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Setting up a business involves complying with a range of legal requirements. Find out which ones apply to you and your new enterprise.

What particular regulations do specific types of business (such as a hotel, or a printer, or a taxi firm) need to follow? We explain some of the key legal issues to consider for 200 types of business.

While poor governance can bring serious legal consequences, the law can also protect business owners and managers and help to prevent conflict.

Whether you want to raise finance, join forces with someone else, buy or sell a business, it pays to be aware of the legal implications.

From pay, hours and time off to discipline, grievance and hiring and firing employees, find out about your legal responsibilities as an employer.

Marketing matters. Marketing drives sales for businesses of all sizes by ensuring that customers think of their brand when they want to buy.

Commercial disputes can prove time-consuming, stressful and expensive, but having robust legal agreements can help to prevent them from occurring.

Whether your business owns or rents premises, your legal liabilities can be substantial. Commercial property law is complex, but you can avoid common pitfalls.

With information and sound advice, living up to your legal responsibilities to safeguard your employees, customers and visitors need not be difficult or costly.

As information technology continues to evolve, legislation must also change. It affects everything from data protection and online selling to internet policies for employees.

Intellectual property (IP) isn't solely relevant to larger businesses or those involved in developing innovative new products: all products have IP.

Knowing how and when you plan to sell or relinquish control of your business can help you to make better decisions and achieve the best possible outcome.

From bereavement, wills, inheritance, separation and divorce to selling a house, personal injury and traffic offences, learn more about your personal legal rights.

Unhappy contractors given no choice on umbrella companies

26 April 2022

A poll of self-employed contractors working through umbrella companies has found that the majority say they would rather work for themselves but they don't have a choice in the matter.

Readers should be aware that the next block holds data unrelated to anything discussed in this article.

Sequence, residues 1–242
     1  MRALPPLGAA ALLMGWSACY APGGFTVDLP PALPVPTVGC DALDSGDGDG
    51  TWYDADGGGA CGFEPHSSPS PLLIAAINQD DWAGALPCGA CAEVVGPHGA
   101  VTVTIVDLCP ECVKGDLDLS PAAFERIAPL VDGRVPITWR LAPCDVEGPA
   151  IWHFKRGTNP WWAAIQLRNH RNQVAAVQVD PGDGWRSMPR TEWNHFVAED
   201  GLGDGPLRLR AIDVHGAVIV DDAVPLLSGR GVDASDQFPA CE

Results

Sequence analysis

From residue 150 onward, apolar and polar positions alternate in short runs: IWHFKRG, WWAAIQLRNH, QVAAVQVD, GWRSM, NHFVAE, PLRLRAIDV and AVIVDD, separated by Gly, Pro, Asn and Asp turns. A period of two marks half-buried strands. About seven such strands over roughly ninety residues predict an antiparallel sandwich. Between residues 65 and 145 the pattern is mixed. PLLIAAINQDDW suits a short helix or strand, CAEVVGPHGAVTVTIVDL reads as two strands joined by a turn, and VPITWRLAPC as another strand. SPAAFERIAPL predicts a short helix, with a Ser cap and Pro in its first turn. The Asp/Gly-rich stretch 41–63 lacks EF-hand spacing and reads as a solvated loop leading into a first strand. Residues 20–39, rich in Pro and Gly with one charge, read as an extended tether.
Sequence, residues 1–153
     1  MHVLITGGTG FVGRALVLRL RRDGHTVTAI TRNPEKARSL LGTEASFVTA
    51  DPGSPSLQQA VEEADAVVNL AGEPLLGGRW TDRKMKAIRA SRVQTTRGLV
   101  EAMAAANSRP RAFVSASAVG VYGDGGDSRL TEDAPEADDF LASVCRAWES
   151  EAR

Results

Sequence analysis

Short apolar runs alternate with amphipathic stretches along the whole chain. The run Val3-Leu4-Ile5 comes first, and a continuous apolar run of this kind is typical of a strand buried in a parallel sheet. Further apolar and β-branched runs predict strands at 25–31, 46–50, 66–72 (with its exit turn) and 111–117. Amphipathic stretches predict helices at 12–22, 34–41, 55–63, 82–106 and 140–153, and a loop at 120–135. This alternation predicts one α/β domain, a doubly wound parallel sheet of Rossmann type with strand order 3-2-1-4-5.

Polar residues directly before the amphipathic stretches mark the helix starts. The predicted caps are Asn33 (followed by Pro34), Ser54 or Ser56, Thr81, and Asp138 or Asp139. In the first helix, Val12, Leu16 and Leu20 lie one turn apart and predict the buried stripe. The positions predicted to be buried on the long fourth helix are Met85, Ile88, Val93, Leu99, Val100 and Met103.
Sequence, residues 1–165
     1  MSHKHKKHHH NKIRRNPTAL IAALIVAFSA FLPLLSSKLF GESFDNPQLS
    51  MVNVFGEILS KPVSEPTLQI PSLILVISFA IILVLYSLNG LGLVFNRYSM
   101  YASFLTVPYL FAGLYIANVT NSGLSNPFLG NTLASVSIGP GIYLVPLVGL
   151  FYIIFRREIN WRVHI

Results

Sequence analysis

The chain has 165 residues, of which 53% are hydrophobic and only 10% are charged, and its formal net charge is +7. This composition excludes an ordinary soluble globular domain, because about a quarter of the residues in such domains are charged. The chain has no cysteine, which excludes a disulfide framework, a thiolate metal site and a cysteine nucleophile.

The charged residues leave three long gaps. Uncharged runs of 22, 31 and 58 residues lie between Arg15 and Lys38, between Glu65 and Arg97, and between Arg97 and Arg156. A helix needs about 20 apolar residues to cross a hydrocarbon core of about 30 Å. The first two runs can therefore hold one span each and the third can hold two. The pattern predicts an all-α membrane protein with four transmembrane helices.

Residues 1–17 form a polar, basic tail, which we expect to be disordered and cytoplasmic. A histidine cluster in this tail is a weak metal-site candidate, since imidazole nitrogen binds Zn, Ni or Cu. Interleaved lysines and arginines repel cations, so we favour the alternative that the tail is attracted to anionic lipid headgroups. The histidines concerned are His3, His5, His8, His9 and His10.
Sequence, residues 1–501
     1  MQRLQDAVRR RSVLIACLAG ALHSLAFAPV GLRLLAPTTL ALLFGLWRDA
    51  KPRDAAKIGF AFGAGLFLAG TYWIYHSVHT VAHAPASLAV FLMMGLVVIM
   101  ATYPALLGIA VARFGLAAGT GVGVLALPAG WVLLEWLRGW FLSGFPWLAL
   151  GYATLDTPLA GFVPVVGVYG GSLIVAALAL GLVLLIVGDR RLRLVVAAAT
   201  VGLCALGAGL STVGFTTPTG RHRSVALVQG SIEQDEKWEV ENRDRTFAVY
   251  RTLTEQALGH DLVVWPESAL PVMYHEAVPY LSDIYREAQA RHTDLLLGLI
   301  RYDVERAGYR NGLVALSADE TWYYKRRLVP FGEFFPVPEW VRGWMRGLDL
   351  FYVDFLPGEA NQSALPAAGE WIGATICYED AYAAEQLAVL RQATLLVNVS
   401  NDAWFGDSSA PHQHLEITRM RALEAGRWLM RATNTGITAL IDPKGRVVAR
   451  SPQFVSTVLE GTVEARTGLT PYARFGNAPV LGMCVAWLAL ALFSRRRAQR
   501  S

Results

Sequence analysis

Over a third (34%) of UK self-employed workers operate through an umbrella company but new research from the Association of Independent Professionals and the Self-Employed (IPSE) has found that 61% of these workers say that there are no advantages in operating via an umbrella company.

The use of umbrella companies - which act as an intermediary between contractors and clients in the supply chain for payroll purposes - has grown substantially since the reforms to IR35 in the private sector in April 2021. In fact, 69% of umbrella company workers have stated that their clients insisted they work through an umbrella company since the changes to off-payroll working last year.

Almost two-thirds (63%) said that while they had some level of choice, they were only given a limited range of umbrella companies to choose from; one in 20 said they had to operate through an umbrella company that was allocated to them.

However, over half of umbrella company workers (57%) believe that their role is outside of IR35 and that the supply chain won't allow them to take the risk of working through their own limited company.

As a result, 74% of freelancers say they are "dissatisfied" about working via an umbrella company, while 50% are "very dissatisfied". When asked why they are dissatisfied, 80% of umbrella company workers cited the fact that they have to cover the liability for Employer's National Insurance, and where applicable, the Apprenticeship Levy, through a reduction in their day rate.

The report also found that 70% of umbrella company workers polled said they felt they have lost their independence and control over their own working arrangements since joining an umbrella company.

"The fundamental problem here is that people are being forced into pseudo- employment relationships they do not want," said Andy Chamberlain, director of policy at IPSE. "Since the IR35 changes came in a year ago, thousands who proudly consider themselves self-employed are being pushed into umbrella companies under disadvantageous conditions, often without even a choice over which umbrella company they use."

IPSE has shared its report with the government, following a recent call for evidence. "We hope that they listen to us and the many umbrella company workers that have failed to see the benefits of working via an umbrella company. In particular, we hope that they put forward recommendations that stop freelancers from being forced into working for umbrella companies that limit their independence and give them no real benefits."

Written by Rachel Miller.

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